Sadly, the exhibit ended early in May. For days following the dismantling, people walked up to the exhibit area with puzzled looks, some still with a camera in hand and children in tow, wondering where the art had gone. But just because this particular exhibit is over, it does not mean that Pilapil and her art will quietly fade into the background.
Her unique style and determination to move forward keeps her in the public’s consciousness. Diaz says, “People have seen her commissioned work in establishments, so her name is not unknown. She has a specific style, her own form and feeling. The search for the soul, movement, and flowing form are great components of her work all the time. And people see that she is constantly creating new things. She moves forward and she’s never stagnant.”
Pilapil’s continuous evolution can be attributed to two things. The first is ever-present inspiration. She says, “I’m inspired everyday. The fact that I wake up and I’m healthy, that I’m surrounded by good friends—that’s already an inspiration to me. I feel very blessed. I don’t have to go to the mountains to seek inspiration; it just comes.” The second factor is firm dedication to what she deems her mission as an artist. “It’s an artist’s mission to constantly create,” says Pilapil, “and the process of creation makes you evolve naturally. When you’re constantly working on something, there is constant discovery of the material and of your form. Something evolves.”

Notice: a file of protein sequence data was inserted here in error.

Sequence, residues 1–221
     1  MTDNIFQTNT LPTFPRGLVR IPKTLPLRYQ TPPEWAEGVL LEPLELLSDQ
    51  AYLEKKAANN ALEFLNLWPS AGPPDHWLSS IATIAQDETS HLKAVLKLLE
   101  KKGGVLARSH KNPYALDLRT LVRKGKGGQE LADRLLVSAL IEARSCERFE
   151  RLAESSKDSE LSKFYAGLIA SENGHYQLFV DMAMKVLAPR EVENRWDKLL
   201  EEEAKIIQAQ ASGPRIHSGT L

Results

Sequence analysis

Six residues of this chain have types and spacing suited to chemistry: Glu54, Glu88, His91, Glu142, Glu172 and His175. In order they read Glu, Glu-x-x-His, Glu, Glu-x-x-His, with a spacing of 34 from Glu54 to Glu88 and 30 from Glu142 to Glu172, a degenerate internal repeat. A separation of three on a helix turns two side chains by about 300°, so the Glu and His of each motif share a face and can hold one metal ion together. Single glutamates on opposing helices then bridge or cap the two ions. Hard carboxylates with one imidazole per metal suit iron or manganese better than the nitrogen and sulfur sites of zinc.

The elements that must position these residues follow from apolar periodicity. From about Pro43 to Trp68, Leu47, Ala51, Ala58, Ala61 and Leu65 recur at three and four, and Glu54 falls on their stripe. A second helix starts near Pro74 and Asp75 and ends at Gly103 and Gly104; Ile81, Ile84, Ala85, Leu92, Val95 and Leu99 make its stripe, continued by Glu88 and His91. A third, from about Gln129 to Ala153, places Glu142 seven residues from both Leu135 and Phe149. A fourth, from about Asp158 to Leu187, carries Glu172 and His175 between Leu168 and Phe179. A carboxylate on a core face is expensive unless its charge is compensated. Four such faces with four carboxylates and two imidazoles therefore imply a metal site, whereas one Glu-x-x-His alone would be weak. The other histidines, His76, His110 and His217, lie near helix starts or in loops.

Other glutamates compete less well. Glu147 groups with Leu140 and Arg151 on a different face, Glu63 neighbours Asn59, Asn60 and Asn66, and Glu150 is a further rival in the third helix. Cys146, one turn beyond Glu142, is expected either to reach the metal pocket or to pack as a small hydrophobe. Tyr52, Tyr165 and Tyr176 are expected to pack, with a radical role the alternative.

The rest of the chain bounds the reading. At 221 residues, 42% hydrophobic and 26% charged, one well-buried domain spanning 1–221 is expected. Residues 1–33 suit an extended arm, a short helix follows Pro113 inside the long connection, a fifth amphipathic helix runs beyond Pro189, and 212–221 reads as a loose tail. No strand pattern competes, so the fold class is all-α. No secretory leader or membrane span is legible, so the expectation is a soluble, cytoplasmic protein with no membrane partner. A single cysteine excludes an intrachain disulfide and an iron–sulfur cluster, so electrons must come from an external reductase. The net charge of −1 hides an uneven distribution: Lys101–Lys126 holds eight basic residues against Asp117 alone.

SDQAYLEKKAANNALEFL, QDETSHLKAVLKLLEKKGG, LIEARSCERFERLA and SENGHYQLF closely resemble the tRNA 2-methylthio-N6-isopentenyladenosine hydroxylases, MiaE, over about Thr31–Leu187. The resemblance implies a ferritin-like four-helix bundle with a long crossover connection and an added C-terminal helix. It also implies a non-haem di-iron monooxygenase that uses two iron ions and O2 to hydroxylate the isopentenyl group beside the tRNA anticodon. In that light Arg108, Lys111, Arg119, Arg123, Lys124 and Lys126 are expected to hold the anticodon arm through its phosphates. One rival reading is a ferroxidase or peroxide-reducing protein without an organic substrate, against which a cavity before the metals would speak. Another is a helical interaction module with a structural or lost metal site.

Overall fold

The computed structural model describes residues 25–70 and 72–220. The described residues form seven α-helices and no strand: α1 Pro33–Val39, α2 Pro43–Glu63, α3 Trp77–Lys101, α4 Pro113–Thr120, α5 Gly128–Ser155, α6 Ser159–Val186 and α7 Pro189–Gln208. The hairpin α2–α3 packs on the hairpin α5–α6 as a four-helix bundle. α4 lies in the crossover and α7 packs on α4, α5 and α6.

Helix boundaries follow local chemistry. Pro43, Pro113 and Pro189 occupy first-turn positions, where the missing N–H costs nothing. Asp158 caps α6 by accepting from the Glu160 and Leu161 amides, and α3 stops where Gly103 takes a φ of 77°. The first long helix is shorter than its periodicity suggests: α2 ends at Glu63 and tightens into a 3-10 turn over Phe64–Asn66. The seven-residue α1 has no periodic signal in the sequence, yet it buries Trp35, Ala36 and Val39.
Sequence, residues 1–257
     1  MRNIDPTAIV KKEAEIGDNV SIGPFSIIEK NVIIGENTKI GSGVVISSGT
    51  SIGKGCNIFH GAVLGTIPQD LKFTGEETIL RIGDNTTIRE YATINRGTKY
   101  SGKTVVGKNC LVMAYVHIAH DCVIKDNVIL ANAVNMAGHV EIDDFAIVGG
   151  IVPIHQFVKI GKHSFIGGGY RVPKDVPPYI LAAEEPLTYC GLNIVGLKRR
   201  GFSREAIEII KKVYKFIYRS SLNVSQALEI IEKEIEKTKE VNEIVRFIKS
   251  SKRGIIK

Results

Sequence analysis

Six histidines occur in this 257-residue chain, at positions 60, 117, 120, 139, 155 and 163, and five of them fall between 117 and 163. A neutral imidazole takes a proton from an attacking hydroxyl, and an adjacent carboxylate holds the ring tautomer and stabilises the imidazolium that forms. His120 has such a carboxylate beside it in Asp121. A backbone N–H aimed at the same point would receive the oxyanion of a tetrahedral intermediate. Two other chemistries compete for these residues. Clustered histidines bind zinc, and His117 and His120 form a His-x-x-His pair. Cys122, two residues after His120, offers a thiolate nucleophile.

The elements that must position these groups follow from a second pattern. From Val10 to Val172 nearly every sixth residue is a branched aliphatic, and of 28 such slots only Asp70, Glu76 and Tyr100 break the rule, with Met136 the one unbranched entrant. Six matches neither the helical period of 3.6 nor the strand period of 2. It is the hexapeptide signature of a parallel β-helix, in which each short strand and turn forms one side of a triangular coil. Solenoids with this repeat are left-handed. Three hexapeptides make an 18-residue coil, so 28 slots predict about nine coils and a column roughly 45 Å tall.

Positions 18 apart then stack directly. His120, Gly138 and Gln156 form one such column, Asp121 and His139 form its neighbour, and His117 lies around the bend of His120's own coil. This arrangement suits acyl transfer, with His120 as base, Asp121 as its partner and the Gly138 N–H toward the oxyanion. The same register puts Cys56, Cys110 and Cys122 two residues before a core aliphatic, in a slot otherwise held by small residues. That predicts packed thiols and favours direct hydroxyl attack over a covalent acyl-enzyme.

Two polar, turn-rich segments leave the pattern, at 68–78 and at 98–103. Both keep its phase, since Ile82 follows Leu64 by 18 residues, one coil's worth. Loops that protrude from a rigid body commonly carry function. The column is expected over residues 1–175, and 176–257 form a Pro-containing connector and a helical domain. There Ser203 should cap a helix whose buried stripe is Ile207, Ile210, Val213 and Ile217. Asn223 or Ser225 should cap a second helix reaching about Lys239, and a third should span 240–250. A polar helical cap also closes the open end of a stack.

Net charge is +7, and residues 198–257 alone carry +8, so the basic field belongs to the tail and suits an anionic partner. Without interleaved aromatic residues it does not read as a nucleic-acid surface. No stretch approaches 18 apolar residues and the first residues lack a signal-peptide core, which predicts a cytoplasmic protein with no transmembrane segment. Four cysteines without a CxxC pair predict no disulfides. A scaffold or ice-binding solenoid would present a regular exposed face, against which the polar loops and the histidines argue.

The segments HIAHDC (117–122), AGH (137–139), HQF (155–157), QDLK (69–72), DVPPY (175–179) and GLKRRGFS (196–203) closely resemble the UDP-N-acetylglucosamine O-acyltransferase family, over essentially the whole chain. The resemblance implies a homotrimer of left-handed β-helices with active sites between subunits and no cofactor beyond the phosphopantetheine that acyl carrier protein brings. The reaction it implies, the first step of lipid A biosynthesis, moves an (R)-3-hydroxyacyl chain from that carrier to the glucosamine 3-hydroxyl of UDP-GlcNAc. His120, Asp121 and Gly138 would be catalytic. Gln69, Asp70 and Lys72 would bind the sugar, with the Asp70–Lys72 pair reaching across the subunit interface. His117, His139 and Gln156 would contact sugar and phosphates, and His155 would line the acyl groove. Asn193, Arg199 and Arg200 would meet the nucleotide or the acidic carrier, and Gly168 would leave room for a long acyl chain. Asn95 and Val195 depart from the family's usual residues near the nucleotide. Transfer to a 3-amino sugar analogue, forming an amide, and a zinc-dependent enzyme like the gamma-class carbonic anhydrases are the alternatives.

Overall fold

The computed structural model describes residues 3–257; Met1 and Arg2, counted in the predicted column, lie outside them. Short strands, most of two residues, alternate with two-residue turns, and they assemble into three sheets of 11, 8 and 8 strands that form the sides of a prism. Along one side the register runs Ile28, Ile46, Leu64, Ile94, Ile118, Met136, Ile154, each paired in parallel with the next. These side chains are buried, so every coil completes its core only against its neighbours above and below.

“I truly believe that when a person is born an artist , that is a gift. And it is the responsibility of every artist to explore that gift, everyday.” Her generosity and determination to continuously explore and share her art makes Pilapil a benevolent force in the art world, and we are the fortunate ones who have been gifted with the opportunity to be inspired by her sheer talent day after day.